YJ: I can keep writing as many as you can give me
YS: Alright hold on, let me take a sip. You ever heard about the one with the tiger?
YJ: Is it the one with a bear?
YS: No that’s a different one. So there’s this guy, in the old times, farmer and Lumberjack. Living with his widowed mother. Taking care of his mother and selling his lumber. Typical day of working and taking care of his work. One day a tiger appears by the mountain he lives. The man is scared and fears for his mother who will be left alone if he dies. The tiger starts prowling him ready to strike. The man has an idea and bows down to the tiger, and he exclaims to the tiger, calling him his brother. “It’s you, I’ve finally met you”. The tiger has lived a long life and asks what the hell guy is talking about.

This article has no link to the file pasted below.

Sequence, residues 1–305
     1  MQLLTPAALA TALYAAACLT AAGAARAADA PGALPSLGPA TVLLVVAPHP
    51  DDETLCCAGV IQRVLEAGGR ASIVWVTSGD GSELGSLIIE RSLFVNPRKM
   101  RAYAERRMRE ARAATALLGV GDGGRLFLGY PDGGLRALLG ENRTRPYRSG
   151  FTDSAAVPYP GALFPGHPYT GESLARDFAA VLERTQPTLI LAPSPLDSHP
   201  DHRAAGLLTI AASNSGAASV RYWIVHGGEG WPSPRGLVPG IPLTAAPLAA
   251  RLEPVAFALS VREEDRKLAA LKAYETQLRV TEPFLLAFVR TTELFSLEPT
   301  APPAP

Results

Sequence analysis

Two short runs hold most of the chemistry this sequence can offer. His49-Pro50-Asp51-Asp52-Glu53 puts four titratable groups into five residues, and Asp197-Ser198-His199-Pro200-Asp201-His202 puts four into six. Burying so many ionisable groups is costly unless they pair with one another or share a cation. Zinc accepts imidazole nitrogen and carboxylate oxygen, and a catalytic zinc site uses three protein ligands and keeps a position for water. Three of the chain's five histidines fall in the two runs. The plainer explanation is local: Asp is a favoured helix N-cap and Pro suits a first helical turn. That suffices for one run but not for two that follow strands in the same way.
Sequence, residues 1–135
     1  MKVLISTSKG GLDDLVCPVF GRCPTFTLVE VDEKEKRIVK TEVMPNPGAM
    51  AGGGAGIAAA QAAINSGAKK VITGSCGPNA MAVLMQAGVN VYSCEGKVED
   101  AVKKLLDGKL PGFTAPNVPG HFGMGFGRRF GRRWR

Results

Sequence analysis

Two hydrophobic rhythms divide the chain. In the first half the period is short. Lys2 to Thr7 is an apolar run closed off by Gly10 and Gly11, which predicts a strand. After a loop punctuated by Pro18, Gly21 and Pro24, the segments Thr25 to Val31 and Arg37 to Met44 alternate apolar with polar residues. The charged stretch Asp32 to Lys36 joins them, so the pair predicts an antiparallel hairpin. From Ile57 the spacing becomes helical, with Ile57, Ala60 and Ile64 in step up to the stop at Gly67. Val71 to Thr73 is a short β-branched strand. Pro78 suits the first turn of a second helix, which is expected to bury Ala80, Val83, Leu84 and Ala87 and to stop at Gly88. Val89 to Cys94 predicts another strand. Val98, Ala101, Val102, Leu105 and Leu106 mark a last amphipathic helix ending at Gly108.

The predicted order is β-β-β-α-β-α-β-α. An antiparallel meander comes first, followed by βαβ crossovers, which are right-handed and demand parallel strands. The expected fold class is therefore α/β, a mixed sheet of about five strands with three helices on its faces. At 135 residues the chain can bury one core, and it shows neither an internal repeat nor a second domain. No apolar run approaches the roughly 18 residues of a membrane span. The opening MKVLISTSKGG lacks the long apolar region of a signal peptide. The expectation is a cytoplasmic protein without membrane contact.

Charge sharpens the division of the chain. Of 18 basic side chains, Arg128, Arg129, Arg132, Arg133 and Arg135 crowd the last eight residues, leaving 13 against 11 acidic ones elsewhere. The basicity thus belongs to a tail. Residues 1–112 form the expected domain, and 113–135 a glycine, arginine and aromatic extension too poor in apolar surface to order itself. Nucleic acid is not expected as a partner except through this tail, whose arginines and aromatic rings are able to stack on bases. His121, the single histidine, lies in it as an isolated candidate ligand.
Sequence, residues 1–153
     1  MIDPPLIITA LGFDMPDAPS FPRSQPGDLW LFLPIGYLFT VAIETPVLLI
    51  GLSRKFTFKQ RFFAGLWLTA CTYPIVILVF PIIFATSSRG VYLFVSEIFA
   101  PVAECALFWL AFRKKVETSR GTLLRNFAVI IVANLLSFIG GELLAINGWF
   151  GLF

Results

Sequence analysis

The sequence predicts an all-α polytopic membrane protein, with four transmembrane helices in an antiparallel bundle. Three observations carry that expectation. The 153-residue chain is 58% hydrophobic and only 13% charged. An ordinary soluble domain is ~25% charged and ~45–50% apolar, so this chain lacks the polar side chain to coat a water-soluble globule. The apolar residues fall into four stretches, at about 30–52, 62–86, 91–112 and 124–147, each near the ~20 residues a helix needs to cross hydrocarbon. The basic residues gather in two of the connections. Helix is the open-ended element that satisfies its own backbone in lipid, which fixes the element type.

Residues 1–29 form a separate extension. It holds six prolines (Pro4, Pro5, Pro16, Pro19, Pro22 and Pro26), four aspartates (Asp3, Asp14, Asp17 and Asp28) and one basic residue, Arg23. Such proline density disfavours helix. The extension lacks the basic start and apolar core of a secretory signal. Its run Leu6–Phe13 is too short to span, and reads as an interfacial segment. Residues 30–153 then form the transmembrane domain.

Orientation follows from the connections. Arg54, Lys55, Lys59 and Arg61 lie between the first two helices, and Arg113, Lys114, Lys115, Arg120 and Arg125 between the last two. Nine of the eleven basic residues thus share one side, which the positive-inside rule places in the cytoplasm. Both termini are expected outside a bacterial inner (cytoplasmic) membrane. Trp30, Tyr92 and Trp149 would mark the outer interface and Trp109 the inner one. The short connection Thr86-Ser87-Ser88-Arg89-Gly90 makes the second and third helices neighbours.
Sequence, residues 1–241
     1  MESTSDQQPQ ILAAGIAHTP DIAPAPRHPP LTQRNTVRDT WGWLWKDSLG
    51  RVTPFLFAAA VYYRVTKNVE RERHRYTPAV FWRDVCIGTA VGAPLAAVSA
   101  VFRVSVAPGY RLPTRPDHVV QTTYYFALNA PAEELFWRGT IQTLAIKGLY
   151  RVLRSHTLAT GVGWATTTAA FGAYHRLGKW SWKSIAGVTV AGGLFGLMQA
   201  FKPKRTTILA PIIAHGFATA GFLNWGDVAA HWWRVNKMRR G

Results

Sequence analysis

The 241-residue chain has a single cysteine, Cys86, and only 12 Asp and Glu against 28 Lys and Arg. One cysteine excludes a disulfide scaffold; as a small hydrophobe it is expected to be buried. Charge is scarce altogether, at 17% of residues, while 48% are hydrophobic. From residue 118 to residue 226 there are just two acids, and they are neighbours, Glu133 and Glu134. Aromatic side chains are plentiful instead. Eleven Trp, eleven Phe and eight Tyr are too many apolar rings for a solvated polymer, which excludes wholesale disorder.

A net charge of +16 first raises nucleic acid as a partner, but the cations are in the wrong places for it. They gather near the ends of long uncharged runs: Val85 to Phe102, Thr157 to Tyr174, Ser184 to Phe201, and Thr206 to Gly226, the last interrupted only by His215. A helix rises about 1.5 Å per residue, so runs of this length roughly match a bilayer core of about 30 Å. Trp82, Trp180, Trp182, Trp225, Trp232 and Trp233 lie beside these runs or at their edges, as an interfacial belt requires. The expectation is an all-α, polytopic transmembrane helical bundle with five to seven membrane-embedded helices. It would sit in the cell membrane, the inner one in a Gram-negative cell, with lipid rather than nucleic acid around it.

“Do not try and trick me, you are doomed.” Says the tiger
The man laughs and says he has heard about his brother and how they were separated at birth and how he had a “king” written on his forehead. The tiger is confused and asks what he means. The two go to a nearby pond and shows him the tiger marks on his forehead and the tiger is convinced that they are brothers.
YJ: You’re going to need to explain that one to me
YS: Look up the word for tiger in Chinese in Google
YJ: Ohh so the character in the word looks like the pattern on its face
YS: So the man continues “Mom lost you in the mountains and the natural energies turned you into a tiger to protect this mountain and I’m glad to see you’re still alive”.